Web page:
The jet plane has been one of the most historically progressive forces yet known. Undoubtedly it will be phased down-or-out as the piston engined plane before it was, but it's important not to let it fall to the wayside as though it has been a bad thing so far, a historically regressive anomaly like so much of the modern tech industry. The present push against aviation in general
is itself profoundly reactionary.
The risk that lies ahead of us is not that the number of flights will be cut - undoubtedly they will, and undoubtedly this is necessary - it is that the burden will be decided by the market, and thus disproportionately wreck the progressive achievements of aviation for ordinary people. That the average person's visit to a foreign country and culture, or the lifeline air links of far-flung communities will be destroyed by market pricing while business jets continue to fly the wealthy to unnecessary networking conferences. Flights on key business links like London to Paris may yet be continued even though there's a perfectly adequate rail service, while the people of the far flung pacific are told to make do with finding themselves several weeks by boat away from the rest of the planet, rather than the half-day they face currently. (PDF related, a map of major air routes and their travel times in the Pacific islands.)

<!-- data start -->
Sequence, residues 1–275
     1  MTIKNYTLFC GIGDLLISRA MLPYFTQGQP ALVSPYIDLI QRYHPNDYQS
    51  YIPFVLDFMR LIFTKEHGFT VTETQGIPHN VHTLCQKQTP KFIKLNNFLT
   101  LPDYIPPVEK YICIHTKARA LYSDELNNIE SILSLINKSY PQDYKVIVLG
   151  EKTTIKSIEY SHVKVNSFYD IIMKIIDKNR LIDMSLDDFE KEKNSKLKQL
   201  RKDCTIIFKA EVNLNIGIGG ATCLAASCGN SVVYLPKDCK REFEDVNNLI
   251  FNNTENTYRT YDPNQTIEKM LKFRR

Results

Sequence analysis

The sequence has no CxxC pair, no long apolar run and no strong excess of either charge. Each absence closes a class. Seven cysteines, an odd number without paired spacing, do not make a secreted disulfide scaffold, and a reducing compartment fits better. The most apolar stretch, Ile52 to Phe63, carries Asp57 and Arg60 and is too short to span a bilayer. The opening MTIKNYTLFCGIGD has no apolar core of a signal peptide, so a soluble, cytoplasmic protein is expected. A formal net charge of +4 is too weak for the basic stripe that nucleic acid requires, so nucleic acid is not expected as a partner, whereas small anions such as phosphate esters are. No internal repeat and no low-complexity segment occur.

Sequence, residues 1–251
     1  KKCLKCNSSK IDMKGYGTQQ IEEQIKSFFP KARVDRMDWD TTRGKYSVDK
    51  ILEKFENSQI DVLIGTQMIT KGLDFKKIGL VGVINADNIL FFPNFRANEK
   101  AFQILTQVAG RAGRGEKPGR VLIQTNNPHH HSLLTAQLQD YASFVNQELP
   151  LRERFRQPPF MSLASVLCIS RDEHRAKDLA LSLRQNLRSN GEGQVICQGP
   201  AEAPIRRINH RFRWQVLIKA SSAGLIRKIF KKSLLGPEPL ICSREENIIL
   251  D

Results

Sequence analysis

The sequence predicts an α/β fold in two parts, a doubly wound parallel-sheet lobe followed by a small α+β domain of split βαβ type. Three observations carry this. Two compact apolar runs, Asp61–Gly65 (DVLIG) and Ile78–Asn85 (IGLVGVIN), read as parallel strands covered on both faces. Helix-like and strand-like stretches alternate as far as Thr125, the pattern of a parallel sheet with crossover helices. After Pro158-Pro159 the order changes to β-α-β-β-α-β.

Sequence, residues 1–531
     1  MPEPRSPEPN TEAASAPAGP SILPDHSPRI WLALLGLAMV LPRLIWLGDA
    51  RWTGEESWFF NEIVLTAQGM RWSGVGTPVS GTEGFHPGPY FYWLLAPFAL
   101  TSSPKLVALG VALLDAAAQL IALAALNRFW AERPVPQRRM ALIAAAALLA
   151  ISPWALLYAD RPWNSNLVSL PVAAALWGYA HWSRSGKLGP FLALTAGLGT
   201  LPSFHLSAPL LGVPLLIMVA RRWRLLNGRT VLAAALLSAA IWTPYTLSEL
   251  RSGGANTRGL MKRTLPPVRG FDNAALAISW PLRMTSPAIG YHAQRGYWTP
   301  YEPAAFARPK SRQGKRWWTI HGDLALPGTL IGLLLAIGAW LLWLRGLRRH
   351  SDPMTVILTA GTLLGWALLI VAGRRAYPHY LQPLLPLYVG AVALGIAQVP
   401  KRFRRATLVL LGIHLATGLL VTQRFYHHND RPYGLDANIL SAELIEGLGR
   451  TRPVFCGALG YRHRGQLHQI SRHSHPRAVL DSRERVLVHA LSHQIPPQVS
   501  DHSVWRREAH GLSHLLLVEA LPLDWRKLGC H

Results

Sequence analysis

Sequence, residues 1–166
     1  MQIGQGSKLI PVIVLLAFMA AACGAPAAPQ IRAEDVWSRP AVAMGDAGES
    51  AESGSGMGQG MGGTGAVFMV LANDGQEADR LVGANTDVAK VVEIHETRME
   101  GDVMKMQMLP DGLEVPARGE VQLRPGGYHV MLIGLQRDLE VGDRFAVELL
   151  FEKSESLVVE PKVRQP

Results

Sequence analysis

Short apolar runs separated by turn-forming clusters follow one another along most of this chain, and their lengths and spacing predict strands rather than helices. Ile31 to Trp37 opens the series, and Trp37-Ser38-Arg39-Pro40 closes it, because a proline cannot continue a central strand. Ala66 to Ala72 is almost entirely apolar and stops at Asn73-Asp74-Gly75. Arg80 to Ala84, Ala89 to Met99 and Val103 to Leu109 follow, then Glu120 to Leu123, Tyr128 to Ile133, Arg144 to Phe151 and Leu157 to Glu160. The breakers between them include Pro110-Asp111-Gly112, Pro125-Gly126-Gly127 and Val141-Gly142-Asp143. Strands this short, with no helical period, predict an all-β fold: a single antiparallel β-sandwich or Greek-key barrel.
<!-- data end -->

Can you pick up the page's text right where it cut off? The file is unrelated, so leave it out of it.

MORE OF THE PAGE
I'm not disagreeing with you on the big issue - of the need to rebalance away from jets and to reduce the amount of travel - what concerns me is the principle, and the equity of how we approach that task. Fundamentally, it should be recognized that allowing ordinary people to experience foreign cultures in person - even in the cheap, tacky tourist form they often do - and generally shrinking the scale of the world are both massive historical gains, and it would be a mistake to regard them as a misstep. On the question of equity: Global air passenger numbers may be cut back to the levels of the 1950s, but that doesn't mean that the composition of travelers (in terms of finances and reason for traveling) should do the same. Transport networks should be integrated and rationed with a view to preserving the mobility of the average person, not simply priced at a market rate with the consequence of cutting the world to ribbons for for us while preserving the status quo for the wealthy. (And of course I'm not saying that's your
position, I just think it's a likely outcome and that it will be a tragic one.)
Obviously I'm in the Plane thread, so you can expect my position may come across as being the pro-Plane one - but it's not about preserving aircraft, it's about preserving mobility - which in some cases can only viably be air links. On such a principle I would trade the entirety of flights in the northeastern united states to preserve a twice-weekly air service to the Marshall Islands.